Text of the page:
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Chances are if you’re reading this article right now, you’re freaking out about your recently injected hyaluronic acid filler. Thoughts, such as – What have I done to my face?! Why is there a bump there?! Or OMG my lip filler is lopsided!? – are running through your mind paired with obsessive trips to the bathroom mirror to stare, assess and unfortunately escalate your anxiety. But fear not, one of the reasons why hyaluronic acid fillers are so popular among practitioners and patients is because of the ability to correct any lumps, bumps, or asymmetries with the enzyme hyaluronidase. To learn more about this magical dissolving enzyme I reached out to Beverly Hills based Cosmetic Surgeon, Dr. Andre Berger, MD to get the full scoop on how exactly hyaluronidase works.


Which fillers can hyaluronidase dissolve?

Can dissolve – “We use hyaluronidase to dissolve hyaluronic acid filler. That would include Restylane, Perlane, Restylane Silk, Juvederm, Juvederm Ultra, Juvederm Ultra Plus, Volbella, Voluma, Belotero.”

Can’t dissolve – “It wouldn’t work for non hyaluronic acid fillers, like Radiesse or Bellafill or silicone.”


How long does it take to work?

“One of the important points to understand is that not all hyaluronic acid fillers are the same and hyaluronidase works differently with each one. The most important factor in determining how it will act has to do with the G-prime. (The G-prime simply relates to the characteristics of the filler.) The higher the G-prime the more volumizing the filler is and the thicker it is. Hyaluronidase does not work that well on the high G-prime hyaluronic acid fillers compared to how well it works on the low G-prime fillers.”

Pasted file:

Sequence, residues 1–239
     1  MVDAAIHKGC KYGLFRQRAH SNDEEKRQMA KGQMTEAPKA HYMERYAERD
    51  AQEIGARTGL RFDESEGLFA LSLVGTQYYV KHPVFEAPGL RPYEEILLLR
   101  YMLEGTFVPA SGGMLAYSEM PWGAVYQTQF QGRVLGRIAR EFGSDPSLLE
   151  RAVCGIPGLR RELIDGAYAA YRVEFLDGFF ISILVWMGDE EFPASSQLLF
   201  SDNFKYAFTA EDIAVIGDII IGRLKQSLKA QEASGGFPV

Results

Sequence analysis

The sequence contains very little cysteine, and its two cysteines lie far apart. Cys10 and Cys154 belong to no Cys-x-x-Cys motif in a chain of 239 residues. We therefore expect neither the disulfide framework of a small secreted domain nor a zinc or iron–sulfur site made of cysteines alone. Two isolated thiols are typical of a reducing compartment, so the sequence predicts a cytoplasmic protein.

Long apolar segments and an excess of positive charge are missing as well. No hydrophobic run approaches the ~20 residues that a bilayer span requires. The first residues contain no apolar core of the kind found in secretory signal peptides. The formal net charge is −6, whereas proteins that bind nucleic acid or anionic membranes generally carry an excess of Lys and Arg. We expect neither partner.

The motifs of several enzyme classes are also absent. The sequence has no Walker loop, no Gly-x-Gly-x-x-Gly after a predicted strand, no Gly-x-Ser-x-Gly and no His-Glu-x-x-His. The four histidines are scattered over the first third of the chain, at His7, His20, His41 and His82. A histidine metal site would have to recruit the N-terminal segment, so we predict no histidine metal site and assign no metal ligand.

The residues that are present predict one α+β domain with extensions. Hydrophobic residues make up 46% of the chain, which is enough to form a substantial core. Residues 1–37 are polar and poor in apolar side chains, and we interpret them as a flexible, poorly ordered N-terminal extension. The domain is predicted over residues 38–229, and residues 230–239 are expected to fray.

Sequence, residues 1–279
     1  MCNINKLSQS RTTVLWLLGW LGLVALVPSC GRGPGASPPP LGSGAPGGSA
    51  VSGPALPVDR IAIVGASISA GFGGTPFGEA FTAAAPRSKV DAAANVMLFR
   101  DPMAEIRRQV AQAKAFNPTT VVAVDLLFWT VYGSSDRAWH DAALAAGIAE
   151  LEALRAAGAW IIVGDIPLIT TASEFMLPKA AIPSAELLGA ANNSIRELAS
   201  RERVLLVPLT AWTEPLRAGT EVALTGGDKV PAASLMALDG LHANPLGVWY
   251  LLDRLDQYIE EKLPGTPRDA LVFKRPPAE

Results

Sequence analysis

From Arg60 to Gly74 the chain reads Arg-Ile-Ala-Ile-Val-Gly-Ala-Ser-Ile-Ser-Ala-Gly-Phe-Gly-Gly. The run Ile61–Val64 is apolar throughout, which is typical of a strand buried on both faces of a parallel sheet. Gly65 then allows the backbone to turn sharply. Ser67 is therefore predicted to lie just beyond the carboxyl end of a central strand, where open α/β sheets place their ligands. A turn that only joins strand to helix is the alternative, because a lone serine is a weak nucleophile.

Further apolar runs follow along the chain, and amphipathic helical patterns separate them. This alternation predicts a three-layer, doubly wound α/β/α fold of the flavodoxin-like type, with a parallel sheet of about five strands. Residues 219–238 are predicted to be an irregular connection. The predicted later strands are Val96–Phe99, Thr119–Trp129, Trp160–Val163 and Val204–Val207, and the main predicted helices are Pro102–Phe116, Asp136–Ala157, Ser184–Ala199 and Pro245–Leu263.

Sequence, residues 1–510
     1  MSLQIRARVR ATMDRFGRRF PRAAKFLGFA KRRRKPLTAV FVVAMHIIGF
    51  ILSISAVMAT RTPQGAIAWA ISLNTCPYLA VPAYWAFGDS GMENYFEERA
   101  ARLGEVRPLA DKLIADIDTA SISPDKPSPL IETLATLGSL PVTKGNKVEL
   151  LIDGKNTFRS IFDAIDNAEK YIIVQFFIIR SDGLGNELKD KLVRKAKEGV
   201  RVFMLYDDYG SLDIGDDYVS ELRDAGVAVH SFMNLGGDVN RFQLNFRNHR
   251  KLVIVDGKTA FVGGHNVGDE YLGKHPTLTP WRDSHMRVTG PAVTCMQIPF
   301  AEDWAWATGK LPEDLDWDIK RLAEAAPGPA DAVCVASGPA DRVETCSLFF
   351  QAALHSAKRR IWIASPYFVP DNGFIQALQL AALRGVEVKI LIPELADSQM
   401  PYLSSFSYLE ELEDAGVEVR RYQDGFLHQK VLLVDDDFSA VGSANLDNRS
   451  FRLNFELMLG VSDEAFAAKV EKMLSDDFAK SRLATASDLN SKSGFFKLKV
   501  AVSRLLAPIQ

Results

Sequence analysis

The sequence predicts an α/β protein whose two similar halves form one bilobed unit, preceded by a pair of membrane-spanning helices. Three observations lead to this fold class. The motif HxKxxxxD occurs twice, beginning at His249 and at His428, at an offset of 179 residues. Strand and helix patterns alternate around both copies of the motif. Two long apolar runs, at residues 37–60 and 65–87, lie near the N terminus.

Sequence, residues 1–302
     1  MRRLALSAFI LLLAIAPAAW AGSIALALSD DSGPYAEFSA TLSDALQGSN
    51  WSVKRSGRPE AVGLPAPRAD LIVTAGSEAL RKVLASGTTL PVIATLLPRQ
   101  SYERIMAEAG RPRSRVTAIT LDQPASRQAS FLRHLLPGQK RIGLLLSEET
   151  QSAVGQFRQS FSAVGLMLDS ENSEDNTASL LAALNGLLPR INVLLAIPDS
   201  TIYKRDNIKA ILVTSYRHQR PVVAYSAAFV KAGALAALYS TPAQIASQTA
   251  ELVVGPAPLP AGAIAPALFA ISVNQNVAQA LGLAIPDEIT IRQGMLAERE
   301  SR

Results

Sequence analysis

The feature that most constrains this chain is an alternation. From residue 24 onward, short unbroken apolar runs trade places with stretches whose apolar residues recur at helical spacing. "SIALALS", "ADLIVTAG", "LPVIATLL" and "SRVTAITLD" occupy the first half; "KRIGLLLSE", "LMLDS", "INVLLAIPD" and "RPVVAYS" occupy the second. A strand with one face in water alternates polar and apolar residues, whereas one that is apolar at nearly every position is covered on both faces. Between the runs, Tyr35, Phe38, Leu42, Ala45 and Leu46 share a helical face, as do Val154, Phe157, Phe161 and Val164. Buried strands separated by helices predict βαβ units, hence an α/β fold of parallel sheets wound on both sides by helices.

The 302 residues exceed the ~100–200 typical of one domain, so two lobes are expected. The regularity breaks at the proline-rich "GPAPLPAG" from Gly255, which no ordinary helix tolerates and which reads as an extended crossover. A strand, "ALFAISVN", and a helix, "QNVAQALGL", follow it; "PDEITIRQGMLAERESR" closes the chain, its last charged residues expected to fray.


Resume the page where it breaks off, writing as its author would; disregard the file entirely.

Difficult to dissolve – “An example of a high G-prime filler would be Voluma. Voluma is used for volumizing large, deep volume areas, like the lateral cheeks. Sometimes you have to use buckets of hyaluronidase, I use this analogy to exaggerate, but it almost seems like that to dissolve a high G-prime filler like Voluma. It takes a hell of a lot, it’s difficult to do and there’s a high likelihood that you aren’t going to get it all dissolved in one sitting.”

Easy to dissolve – “Something like Juvederm Ultra or Restylane on the other hand have a lower G-prime and are much easier to dissolve and can be done usually in one session. Those fillers will dissolve fairly immediately. Sometimes you can see all of it, say the lip filler, disappear by the time the patient leaves the room.”


Can you spot dissolve?

Yes and no – “You can try to target, but the precision is not like a bullet. Hyaluronidase does disseminate a little bit. It’s not like you can just absolutely stop it at any point because it will spread out in the tissue a little bit, but if you don’t overdo it and you’re careful you can target dissolve what you’re targeting.”


Will it dissolve the natural hyaluronic acid in my skin?

Yes, but not forever – “When you inject the hyaluronidase you are going to dissolve the filler that was put in that you are targeting and surrounding that you are also going to dissolve some of the natural hyaluronic acid in your skin. However, the good news is that the natural hyaluronic acid keeps being produced by your cells, so you’ll replace it pretty quickly. It’s not a permanent or long term effect.”


What if the filler dissolves unevenly?

“There’s a chance you may not dissolve everything, but thats not a big deal because you can go back the next day and add more.”


And what if I want to add filler back in once my (lump, bump, or asymmetry) has been corrected?

“To do it the right way, I recommend using the hyaluronidase to get rid of what you want to get rid of first. There is always a chance to have some swelling, redness, or pinkness from the hyaluronidase, but this will dissipate within 24-48 hours. Once all of that has gone away, you can start with a fresh new baseline and refill if you want.” 

Some fillers are better for certain areas. Read which is best where here or if you already know, read about the new hyaluronic acid lip filler – Volbella – that induces less swelling and looks more natural here


-by Amy Chang
Image source: diaboliques

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